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As part of its outreach programme, on 10 June 2020, the Middle East Institute (MEI@ND)  has launched a webinar series, MEI Speaks. Professor S. Irudaya Rajan of Centre for Development Studies, Thiruvananthapuram, Kerala delivered the maiden lecture on Return Migration from Gulf in the time of COVID- 19: Challenges and Opportunities. The was open for the public and was moderated by Md. Muddassir Quamar, Associate Fellow, Manohar Parrikar Institute for Defence Studies and Analyses.

Professor Rajan started with his concern about the obliviousness of policymakers regarding migrants and how the unfortunate events following the Covid-19  facilitated a nationwide discussion on migration and migrants. He underlined that the population of Indian migrants in the Gulf countries is much larger than usually presented by the government agencies at 8.5-9 million. He drew attention to the larger apathy towards return migrants except in Kerala where it is a perennial issue due to the history, number of migration and return migration from the Gulf. This makes the Governments in Kerala at least willing to consider and review policy suggestions.

Professor Rajan underlined the broader failure in addressing the growing distress among return migrants, which in some cases has forced the distressed person to commit suicide. The primary reason for such distress, according to him, is migrants returning empty-handed for the first time in the history of migration, similar to the current return migrants from Gulf and internal migration within India. He recommended that governments should introduce policies for the integration of return migrants and facilitate their seamless return without charging them for the travels but by providing them with loans, if necessary.

Professor Rajan further elucidated on the seriousness of return migration ensuing the pandemic and estimated that around 30 percent of Indian expatriates in the Gulf would return to India, mostly to Kerala, which would approximately 300,000 return migrants to that state. Although he advised waiting until December to reach a conclusion, as he estimates that the final wave of return migrants would come by the end of the year. Considering the previous years' returnee pattern, he underlined that, usually, 100,000 Gulf migrants return to Kerala every year, stressing that even after three generations, people return to their homes; some of them joining politics and social activism. This is primarily because irrespective of the duration of migration, the migrants cannot have Gulf citizenship.

He further mentioned that the worst of global emergencies would not discourage migration. The migrants will find newer countries to migrate if the Gulf countries come up with policies to discourage migrants from returning. He also mentioned the growing “parallel labour market” or “shadow labour market," which has resulted in around 10-20 percent of undocumented Indians; it will likely result in these undocumented Indians getting amnesty followed by their expulsion and this will add to the number of return migration.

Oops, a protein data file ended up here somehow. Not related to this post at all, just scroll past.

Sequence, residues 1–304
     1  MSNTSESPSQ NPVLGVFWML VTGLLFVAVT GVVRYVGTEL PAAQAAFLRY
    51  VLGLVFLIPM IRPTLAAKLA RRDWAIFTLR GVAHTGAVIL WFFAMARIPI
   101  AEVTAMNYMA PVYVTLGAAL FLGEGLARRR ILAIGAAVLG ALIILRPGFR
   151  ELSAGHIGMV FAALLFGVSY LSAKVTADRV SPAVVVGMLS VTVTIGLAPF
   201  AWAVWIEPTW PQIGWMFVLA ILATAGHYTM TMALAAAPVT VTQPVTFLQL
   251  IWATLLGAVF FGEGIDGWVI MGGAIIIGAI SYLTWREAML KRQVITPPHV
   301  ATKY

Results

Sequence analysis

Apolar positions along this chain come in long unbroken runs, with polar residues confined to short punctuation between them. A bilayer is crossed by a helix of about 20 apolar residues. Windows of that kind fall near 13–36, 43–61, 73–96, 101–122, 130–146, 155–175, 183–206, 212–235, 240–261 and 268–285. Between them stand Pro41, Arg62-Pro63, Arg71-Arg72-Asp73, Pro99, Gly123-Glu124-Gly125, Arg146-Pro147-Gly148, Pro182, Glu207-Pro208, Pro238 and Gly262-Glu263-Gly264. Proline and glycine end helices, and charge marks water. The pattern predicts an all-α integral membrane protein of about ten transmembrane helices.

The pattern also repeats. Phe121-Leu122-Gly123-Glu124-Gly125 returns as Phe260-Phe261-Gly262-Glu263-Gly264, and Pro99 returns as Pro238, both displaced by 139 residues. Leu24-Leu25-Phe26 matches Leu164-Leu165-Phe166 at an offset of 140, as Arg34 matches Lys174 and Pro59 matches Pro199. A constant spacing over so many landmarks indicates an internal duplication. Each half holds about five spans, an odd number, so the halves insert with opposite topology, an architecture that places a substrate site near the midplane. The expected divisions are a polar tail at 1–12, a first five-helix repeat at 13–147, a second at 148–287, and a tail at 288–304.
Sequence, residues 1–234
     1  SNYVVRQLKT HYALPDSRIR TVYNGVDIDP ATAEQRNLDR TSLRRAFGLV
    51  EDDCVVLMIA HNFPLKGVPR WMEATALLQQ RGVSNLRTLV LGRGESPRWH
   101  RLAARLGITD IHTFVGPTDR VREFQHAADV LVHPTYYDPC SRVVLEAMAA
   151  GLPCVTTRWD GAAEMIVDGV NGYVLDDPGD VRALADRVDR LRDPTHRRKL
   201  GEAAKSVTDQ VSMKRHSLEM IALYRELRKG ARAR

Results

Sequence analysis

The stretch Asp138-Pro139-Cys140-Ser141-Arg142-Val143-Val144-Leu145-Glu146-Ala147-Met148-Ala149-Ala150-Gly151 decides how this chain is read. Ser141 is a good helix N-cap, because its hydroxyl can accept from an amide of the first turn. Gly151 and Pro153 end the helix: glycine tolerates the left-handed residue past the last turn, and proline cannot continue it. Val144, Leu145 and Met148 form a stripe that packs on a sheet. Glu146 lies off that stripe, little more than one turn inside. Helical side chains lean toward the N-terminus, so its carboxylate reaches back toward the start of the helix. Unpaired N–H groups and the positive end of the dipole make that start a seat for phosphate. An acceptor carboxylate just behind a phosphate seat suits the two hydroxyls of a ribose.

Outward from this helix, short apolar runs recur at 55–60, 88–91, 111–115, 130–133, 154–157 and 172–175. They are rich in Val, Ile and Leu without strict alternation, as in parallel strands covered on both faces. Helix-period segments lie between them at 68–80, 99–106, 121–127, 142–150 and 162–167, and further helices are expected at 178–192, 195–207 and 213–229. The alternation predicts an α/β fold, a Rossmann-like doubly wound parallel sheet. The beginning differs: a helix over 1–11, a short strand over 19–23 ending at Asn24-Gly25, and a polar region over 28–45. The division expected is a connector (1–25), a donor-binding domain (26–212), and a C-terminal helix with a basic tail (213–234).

The lecture was followed by an interactive Q&A session, which widened the horizon of the topic of discussion touching themes like women migration, the significance of migration issues worldwide and prospects of migration policy. In response, Professor Rajan pointed out the absence of data on women migration and shared his disappointment on the fixing of minimum age for women to 30 to get emigration clearance from the government to work in Gulf countries. He mentioned how Indian migrants successfully manoeuvre laws to immigrate and work in the Gulf, mostly to get themselves involved in 3Ds jobs; that is, dangerous, dirty and demeaning jobs.

Responding to questions from the audience from various parts of India as well as from Israel, Lebanon and the US, Professor Rajan stressed upon the nature of the current invisible enemy—Covid-19—and went on to the extent of calling it a third world war, which is bound to redefine the world we live in. According to him, the migrants would be the loser in the short term, but in the long term, they will be the victors. From the policy viewpoint, he suggested that India should promote migration, utilising its numerical strength, which makes it possible for India to supply labour to all the countries in the world. In fact, rather than being ashamed and complaining about brain drain, India should celebrate its unique place on the world labour market and must emphasize on brain gain by providing skill training to the migrants.

Finally, Honorary Director MEI@ND concluded the session and thanked all the guests and participants.

As part of its editorial policy, the MEI@ND standardizes spelling and date formats to make the text uniformly accessible and stylistically consistent. The views expressed here are those of the author and do not necessarily reflect the views/positions of the MEI@ND. Editor, MEI@ND: P R Kumaraswamy